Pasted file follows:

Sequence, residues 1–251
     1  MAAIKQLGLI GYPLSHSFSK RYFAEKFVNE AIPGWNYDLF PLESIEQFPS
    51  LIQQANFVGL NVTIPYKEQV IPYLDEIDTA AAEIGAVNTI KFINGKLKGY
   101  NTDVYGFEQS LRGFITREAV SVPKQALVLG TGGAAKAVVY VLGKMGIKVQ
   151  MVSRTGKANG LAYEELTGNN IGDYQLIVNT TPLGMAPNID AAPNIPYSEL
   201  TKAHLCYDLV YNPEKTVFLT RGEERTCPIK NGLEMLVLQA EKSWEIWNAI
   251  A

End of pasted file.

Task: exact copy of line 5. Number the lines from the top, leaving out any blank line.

   151  MVSRTGKANG LAYEELTGNN IGDYQLIVNT TPLGMAPNID AAPNIPYSEL